One of the biggest pet peeves of sauna lovers is when a casual sauna visitor wanders in, leaving the door wide open, allowing the precious heat to escape. Baking in a sauna was one of my dad’s favorite pastimes, and I remember him growling at people who didn’t seem to realize that his carefully cultivated heat would diminish while they wandered in and slowly looked around.
Whether you love pouring water on sauna rocks until the temperature rises to dizzying heights or not, there is a powerful truth inside the imagery.
We live in an incredibly wordy world, where people talk incessantly, and in contrast to this, one of the classic spiritual disciplines is silence. Silence is like a sauna that protects the fire within.
The late Henri Nouwen said that “Silence guards the inner heat of religious emotions. This inner heat is the life of the Holy Spirit within us. Thus, silence is the discipline by which the inner fire of God is tended and kept alive.”
How many times have you said things you regretted, and wished you could take back words that escaped from your lips? Those moments often leave us with feelings of hollowness or an inner defeat.
Practicing silence is a way of keeping the sauna door closed. It gives us space to test—or refine—our thoughts before we express them. When I say things that I regret, I feel depleted, and sometimes embarrassed. But when I pause first, or perhaps say nothing at all, I have a chance to test my thoughts before blurting them out as words. This silence allows me to examine the quality of what I am about to say. If speak too soon, I live with the fallout of my words, but by pausing first, I can discern whether my speech—my observations, insights, jokes, or criticisms—are worth saying.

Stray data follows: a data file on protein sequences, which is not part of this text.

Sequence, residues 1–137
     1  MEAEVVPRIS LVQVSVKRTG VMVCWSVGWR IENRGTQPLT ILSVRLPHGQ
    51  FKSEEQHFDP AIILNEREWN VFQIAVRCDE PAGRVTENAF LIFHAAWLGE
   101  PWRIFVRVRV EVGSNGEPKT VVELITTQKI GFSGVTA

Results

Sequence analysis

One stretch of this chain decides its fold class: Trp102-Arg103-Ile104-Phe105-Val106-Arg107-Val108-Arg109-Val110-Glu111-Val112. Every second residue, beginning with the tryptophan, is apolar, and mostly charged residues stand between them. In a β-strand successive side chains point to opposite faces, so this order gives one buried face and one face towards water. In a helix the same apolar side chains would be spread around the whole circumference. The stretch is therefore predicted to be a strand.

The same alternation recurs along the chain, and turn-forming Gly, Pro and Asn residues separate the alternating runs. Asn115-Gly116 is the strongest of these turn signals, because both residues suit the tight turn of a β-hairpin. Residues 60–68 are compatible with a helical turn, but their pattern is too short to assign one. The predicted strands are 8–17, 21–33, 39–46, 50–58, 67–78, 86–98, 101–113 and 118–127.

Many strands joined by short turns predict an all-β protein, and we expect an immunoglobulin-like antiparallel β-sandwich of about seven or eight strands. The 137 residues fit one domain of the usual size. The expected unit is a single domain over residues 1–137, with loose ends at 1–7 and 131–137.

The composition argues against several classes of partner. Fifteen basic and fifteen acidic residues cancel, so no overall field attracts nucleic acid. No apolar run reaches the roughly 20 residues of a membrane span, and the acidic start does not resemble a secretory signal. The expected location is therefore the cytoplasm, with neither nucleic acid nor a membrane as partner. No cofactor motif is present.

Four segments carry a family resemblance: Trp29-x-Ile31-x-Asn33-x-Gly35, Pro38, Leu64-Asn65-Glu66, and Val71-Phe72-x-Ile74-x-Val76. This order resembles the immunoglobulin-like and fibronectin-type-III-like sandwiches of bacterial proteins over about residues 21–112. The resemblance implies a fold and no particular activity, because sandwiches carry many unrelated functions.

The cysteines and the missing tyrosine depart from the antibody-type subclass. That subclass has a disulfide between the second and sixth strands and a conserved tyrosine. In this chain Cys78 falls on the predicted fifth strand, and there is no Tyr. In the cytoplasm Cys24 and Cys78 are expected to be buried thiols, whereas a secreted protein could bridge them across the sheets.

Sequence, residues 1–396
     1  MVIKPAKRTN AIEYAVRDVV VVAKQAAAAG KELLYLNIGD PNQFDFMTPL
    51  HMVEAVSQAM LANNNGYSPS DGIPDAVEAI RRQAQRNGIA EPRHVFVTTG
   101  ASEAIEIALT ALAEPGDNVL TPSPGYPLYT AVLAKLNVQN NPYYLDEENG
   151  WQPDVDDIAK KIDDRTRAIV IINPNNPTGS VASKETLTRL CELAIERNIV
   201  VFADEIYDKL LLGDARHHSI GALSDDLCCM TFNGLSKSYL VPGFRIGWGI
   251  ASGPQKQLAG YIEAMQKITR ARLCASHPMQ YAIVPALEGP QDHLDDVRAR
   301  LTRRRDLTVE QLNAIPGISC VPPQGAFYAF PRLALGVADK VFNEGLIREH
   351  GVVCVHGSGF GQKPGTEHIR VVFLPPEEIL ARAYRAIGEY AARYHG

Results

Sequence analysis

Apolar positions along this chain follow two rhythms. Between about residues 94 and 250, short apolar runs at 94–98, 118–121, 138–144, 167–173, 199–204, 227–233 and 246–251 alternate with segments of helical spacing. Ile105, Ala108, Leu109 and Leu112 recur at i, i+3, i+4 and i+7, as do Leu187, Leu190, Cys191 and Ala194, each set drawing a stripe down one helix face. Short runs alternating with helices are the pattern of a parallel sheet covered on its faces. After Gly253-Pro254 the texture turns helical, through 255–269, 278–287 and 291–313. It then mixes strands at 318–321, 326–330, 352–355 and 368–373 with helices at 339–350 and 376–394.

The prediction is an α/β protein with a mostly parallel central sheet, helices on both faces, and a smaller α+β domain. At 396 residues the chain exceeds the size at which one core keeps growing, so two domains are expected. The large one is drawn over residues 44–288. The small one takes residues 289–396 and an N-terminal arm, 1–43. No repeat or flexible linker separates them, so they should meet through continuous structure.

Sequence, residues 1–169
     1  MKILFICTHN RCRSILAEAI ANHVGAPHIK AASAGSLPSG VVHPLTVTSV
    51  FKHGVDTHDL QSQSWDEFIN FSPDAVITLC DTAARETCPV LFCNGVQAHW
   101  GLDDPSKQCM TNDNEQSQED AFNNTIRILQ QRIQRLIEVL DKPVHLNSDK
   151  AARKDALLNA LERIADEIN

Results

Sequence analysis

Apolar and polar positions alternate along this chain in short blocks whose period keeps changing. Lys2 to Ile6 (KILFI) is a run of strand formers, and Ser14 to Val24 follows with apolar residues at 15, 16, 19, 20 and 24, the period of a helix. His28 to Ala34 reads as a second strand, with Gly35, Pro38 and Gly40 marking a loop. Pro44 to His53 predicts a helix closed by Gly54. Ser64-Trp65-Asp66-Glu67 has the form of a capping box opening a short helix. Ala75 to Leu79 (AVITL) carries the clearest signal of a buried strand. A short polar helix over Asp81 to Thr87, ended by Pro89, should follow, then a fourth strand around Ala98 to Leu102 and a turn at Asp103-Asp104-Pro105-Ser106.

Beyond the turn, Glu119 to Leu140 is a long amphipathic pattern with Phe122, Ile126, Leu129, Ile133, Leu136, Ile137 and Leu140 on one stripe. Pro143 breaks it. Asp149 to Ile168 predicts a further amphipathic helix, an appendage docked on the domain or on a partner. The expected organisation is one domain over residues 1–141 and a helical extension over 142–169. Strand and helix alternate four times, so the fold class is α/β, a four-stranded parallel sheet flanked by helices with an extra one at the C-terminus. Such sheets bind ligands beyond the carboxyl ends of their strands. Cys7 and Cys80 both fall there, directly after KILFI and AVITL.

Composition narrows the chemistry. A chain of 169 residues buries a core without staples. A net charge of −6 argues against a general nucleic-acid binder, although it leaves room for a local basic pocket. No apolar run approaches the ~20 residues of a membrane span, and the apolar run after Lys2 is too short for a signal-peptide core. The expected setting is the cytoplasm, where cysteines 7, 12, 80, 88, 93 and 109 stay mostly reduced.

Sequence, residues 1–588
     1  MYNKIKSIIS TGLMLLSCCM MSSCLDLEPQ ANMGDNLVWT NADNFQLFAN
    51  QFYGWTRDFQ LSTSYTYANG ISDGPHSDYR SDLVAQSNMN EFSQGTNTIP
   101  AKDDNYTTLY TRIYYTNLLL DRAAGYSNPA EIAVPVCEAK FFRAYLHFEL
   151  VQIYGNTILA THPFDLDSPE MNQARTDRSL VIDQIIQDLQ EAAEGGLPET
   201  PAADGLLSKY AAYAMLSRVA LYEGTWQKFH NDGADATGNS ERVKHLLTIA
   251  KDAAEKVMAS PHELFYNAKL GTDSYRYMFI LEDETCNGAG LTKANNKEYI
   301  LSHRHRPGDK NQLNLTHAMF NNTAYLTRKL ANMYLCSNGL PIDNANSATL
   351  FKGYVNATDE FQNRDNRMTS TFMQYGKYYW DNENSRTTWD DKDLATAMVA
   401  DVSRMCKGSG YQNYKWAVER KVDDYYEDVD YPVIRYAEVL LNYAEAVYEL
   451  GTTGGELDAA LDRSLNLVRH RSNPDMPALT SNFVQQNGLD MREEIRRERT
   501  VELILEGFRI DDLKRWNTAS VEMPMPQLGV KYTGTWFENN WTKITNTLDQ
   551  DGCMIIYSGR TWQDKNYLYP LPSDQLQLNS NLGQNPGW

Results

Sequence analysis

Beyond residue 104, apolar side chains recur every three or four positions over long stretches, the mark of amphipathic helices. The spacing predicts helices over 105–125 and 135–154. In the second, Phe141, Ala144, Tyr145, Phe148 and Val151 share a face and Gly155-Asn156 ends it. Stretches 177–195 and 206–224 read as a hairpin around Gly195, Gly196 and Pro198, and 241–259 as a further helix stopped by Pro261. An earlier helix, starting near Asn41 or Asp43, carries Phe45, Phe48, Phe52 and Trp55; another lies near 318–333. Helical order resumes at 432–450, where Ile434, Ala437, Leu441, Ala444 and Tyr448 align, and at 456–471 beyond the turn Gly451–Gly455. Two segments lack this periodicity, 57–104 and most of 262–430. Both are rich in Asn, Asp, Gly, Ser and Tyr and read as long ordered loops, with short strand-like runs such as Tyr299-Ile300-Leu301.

Silence provides a moment to identify the motivations behind our words. Are we about to utter a cheap joke that might be too caustic or critical? Is there any prideful ambition behind what we are about to say? Are we saying something that will positively add to the moment, or are we simply talking to brag or make ourselves look good? If we speak too quickly, we lose the opportunity to speak intentionally, but if we pause, it allows an inner heat to build that can reveal the character quality of our words.
This isn’t a new idea. In the 5th century AD, the spiritual mystic, Diadochus of Photiki, used this same metaphor. He said, “When the door of the steambath is continually left open, the heat inside rapidly escapes through it; likewise, the soul, in its desire to say many things, dissipates its remembrance of God through the door of speech, even though everything it says may be good. Timely silence, then, is precious, for it is nothing less than the mother of the wisest thoughts.”
This is an issue that I am trying to improve. And in a world where many people are quick to talk, perhaps we could benefit from a little more silence. Perhaps, if we kept the sauna door closed, we could eventually speak words that add healing and peace to the people who will hear them.
“The words of the reckless pierce like swords, but the tongue of the wise brings healing.” (Proverbs 12:18)
 Henri Nouwen, The Way of the Heart: The Spirituality of the Desert Fathers and Mothers (HarperOne, 1981), 17.
 Ibid., 17.